“We just have to get it all out or you’ll have to have a D and C,” the prom queen hissed at me. My body bucked against the pain that was infinitely greater than the labor I had just endured without drugs. (And yes, even a 1 lb, 12 ounce baby comes down the pike with belly-splitting pain). “You want to see your baby, mom?” One of the green angels asked. They wheeled the little wisp by me and all I could register was “very, very small and very red.” Dan and my mom followed the team of angels down to the NICU, while the resident baby col 20continued the fight with my placenta, my dad staunchly by my side. Any father who stands by and holds his daughter’s hand while she’s gushing blood and expletives, is a very special man. It makes up for all the TV dinners, which I secretly loved, especially when I actually got to watch them in front of the TV.

The next morning, Col wrapped his entire hand around my mother’s thumbnail.


Fast forward, if you will, 4 ½ years; my parents are very close with both kids, who seem to approach their visits as if finally, someone has come to save them from the drudgery of life with me and Dan. Finally, someone has come with the good yogurt.ellen and ike and col with bowl009

All this grandparent-saintliness makes me look bad. When I snap at Rose for the way she tugs at my clothes like an impatient seamstress, my mom says “Rosie honey, come here and grab at my skirt. No one ever pulls on my clothes in Berkeley and I don’t mind.” When Baba and Nana read books to the kids, they let Col interrupt five million times, giving thoughtful and detailed answers to his questions (“No, Col honey, the lizard is pooped, it means he’s tired, he didn’t go poop.”) They think nothing of Rose’s propensity to want to skip back a few pages to revisit her current favorite illustration of the baby “screaming his head off.” (It sort of delights and terrifies her – “dat baby’s head coming off now?”)

And always, the most valuable dividend of my parents’ visits is how they invite me to take a brief glimpse down the long tunnel of perspective. The “long view,” we call it. When Col was 18 months and my brain dial was stuck on “how can I get this waif of a boy to eat?” my dad would laugh about how when Col was a teenager I probably wouldn’t be able to keep the fridge stocked for him. When I fretted over Col’s inability to sit still my mom would point out Col’s amazing agility, curiosity and general cheerful nature, likely because he had just climbed his home oxygen tank, fell on his head, shrugged it off and went back for more.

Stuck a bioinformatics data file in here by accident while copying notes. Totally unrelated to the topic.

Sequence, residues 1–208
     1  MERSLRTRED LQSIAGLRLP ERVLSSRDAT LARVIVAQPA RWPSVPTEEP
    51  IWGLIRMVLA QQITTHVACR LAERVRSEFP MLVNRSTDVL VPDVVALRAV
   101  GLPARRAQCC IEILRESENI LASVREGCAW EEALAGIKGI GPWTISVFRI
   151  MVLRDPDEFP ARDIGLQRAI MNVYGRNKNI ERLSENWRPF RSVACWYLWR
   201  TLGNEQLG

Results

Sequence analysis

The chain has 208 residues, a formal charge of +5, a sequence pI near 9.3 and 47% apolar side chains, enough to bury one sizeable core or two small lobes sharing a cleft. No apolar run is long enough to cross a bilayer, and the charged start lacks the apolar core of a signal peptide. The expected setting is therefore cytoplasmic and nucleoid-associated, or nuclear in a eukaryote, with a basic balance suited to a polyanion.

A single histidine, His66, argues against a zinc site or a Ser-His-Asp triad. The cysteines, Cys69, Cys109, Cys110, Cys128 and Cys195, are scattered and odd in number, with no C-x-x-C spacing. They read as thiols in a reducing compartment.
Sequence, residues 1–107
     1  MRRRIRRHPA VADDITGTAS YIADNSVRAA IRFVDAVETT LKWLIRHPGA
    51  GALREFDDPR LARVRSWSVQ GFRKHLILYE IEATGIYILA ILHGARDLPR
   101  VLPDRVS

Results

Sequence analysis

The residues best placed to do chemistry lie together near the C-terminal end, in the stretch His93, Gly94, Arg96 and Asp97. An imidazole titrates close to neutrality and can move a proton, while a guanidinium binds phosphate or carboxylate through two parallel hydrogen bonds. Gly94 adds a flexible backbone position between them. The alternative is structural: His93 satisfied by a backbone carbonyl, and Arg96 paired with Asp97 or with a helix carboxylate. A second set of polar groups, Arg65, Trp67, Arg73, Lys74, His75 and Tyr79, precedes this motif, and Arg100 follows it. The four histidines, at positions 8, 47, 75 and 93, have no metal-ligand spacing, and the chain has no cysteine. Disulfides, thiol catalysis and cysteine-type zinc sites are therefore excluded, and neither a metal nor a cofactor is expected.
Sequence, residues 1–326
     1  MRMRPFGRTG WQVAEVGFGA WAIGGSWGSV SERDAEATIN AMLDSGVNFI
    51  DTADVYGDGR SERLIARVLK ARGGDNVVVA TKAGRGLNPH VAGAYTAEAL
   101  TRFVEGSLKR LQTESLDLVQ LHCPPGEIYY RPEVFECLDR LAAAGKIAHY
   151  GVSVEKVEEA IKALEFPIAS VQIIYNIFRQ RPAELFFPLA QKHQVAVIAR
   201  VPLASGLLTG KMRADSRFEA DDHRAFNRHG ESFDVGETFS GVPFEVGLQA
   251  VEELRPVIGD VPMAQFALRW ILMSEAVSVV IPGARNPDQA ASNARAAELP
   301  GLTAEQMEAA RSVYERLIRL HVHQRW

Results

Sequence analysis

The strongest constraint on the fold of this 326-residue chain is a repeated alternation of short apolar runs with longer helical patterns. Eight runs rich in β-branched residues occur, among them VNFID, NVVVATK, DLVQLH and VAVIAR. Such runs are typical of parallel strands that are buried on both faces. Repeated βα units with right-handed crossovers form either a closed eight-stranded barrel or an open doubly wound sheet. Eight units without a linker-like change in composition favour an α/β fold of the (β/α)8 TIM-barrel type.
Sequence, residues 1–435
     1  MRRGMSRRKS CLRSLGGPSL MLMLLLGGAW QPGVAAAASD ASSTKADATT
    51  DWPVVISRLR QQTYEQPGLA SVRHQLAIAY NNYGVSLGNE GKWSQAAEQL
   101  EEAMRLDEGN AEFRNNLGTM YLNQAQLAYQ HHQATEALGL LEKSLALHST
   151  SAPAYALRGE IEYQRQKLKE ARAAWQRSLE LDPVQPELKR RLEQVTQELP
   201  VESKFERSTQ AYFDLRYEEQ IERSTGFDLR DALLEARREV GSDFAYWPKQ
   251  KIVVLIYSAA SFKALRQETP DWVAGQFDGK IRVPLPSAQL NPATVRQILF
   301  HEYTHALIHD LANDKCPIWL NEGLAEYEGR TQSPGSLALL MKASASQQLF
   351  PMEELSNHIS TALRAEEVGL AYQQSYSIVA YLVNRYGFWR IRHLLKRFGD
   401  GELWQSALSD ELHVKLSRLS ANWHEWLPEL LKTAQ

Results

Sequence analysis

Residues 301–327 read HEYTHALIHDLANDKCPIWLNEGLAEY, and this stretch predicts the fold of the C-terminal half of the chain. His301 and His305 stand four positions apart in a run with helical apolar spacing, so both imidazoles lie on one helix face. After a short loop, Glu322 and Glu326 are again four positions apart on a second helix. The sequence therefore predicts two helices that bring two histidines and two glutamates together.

It’s coming up on five years since that new moon night in Denver, which now feels like a surrealist play, where all these separate lives–green angels, a prom queen, cheerleading grandparents, a very, very small new person–collided for a short time.  Strings of days pass now where I don’t think about the 3 1/2 months Col was in the NICU, nor the following 18 months he was on oxygen, nor the medications, the specialists, or the fears that I kept tucked in my pocket at all times. These days I mostly see a vibrant boy riding his bike in the late afternoon sun.

15 Comments leave one →
  1. Peggy permalink
    October 16, 2009 1:08 pm

    Wow….now THAT was a great one! I’m still trying to manage a full breath – apparently I was holding my breath while reading. Even though I know Col’s birth story, and have read some other postings you have put out there about it – it still takes my breath away. And I welled up when you described your dad with you right after you had him….wow. Just wow. You guys have been through a lot, and I’m happy to know that you have reached a point of “normalcy” (really, what is that anyway?) after all of this. Children truly are a blessing – even if they DO drive me crazy every once in a while! Thanks Rachel – be well and send some hugs and kisses to your fam!

  2. Rebecca permalink
    October 16, 2009 3:18 pm

    So beautifully expressed, Rachel-every word! Thank you for sharing with us, and thank you God for the miracle of Col. I’m in tears and have to go love on my babies now!

  3. Anonymous permalink
    October 16, 2009 6:32 pm

    It’s so great to be able to keep up with you and your family! I love reading your stories and seeing the pics of Col and how he is thriving these days. What a blessing to have such a healthy boy given his unsure start. I can’t believe he will be 5! Thanks for inviting me to your blog, Kami (one of Col’s biggest fans back from his NICU days)